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West criticizes Meles Zenawi but values him as a bulwark against Islamic fundamentalism.
ADDIS ABABA, Ethiopia — Tens of thousands gathered beneath a scorching sun in the Ethiopian capital to celebrate Prime Minister Meles Zenawi’s landslide election victory.
International observers, however, criticized the polls as unfair and Ethiopian opposition groups claimed the voting was rigged.
Meles, a longtime Western ally in the Horn of Africa who receives close to $1 billion in annual aid from the United States alone, has ruled since 1991. The vote was seen as a test of democracy after the last election in 2005 when anti-government protests were violently put down and an estimated 200 people were killed.
After provisional results gave him victory, Zenawi, a 55-year-old former Marxist rebel, addressed a flag-waving crowd from behind bullet-proof glass overlooking Meskel Square where his predecessor, the vicious dictator Mengistu Haile Mariam, presided over Soviet-style military parades.
“[The opposition] must accept the decision of our great and proud people and not become tools of external forces who have no right to act as the ultimate judges of our elections,” Meles told the crowd.
At the victory rally, supporters of the ruling Ethiopia People’s Revolutionary Democratic Front (EPRDF) defied international criticism of the election, cheering as a party official declared, “Our votes will not be discredited by any foreign body with hidden agendas!”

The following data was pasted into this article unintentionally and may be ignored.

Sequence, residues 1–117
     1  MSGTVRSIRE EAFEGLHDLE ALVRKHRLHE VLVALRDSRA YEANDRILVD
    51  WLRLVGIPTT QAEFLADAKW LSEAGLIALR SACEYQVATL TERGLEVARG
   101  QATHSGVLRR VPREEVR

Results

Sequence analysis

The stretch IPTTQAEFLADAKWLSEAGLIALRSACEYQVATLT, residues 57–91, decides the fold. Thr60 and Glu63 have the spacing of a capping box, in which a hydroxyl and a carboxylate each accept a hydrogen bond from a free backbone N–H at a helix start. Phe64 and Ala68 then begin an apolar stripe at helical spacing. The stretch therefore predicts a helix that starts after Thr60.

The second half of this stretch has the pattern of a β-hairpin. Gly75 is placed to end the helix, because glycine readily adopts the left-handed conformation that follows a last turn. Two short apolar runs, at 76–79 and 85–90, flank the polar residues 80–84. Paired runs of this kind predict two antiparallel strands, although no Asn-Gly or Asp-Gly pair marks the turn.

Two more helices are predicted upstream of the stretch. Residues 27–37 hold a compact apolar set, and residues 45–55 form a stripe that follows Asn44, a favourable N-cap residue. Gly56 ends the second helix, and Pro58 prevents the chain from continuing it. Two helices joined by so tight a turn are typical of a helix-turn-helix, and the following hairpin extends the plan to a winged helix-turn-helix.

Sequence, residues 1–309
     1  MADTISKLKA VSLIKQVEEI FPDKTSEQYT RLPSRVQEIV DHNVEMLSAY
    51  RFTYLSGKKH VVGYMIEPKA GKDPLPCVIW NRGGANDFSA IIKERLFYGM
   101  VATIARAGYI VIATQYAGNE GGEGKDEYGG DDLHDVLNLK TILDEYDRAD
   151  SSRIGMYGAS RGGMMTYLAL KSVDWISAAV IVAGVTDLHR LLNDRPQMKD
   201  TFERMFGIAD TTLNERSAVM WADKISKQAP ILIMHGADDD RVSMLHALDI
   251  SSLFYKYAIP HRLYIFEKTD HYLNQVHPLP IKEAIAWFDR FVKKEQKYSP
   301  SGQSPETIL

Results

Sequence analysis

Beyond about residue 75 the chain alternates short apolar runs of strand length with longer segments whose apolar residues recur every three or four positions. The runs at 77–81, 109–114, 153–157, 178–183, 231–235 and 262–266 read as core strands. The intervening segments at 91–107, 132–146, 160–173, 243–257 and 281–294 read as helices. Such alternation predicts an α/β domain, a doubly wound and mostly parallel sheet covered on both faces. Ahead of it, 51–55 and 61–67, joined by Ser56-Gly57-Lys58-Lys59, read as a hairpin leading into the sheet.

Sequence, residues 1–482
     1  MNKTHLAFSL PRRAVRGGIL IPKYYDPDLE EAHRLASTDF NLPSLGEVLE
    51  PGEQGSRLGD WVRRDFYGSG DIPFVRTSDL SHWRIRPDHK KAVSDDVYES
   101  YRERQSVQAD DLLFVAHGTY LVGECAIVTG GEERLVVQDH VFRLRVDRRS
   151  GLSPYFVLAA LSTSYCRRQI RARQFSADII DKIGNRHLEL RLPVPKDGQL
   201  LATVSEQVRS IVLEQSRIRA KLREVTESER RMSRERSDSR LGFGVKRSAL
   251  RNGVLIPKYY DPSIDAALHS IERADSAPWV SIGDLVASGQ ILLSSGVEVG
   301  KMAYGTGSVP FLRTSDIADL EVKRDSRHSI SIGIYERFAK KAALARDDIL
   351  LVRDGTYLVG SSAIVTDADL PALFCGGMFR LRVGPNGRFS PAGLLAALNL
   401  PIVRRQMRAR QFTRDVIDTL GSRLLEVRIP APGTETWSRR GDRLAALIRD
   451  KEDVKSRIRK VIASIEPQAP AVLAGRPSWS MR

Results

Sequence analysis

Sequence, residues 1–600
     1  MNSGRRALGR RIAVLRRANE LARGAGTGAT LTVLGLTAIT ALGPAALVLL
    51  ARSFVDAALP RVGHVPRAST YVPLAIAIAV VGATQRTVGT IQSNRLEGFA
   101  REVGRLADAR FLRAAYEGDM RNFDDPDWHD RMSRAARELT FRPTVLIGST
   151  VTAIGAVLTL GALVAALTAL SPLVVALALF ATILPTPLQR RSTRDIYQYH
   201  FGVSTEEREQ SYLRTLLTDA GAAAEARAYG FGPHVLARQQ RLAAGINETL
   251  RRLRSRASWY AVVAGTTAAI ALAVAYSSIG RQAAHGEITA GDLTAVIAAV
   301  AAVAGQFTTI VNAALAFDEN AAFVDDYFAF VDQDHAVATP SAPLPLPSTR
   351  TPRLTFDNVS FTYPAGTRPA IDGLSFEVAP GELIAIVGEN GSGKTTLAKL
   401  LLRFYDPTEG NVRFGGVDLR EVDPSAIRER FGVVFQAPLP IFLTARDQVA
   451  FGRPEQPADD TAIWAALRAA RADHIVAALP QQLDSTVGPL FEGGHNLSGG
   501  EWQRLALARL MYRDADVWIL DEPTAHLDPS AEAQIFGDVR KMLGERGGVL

A small troop of children marched by carrying printed placards reading, “Our votes are not for sale,” and “Don’t take EPRDF [for] a whipping boy.”
Zenawi's speech and the demonstrations only served to highlight the mounting criticism that the vote was rigged.
“I don’t see any reason why we should accept the results that were completely fraudulent,” said Merara Gudina, a leader of the main opposition coalition Medrek, meaning Forum in the local Amharic language. Another opposition leader called for the elections to be re-run.
The New York-based advocacy group Human Rights Watch also condemned the weekend vote.
“Behind an orderly facade, the government pressured, intimidated and threatened Ethiopian voters,” said Rona Peligal, acting Africa director at Human Rights Watch. “Whatever the results, the most salient feature of this election was the months of repression preceding it.”
Human Rights Watch charged that in the weeks leading up to the polls ruling party operatives had intimidated voters by going from house to house telling them to register to vote, and to vote for the EPRDF or risk losing their houses or jobs.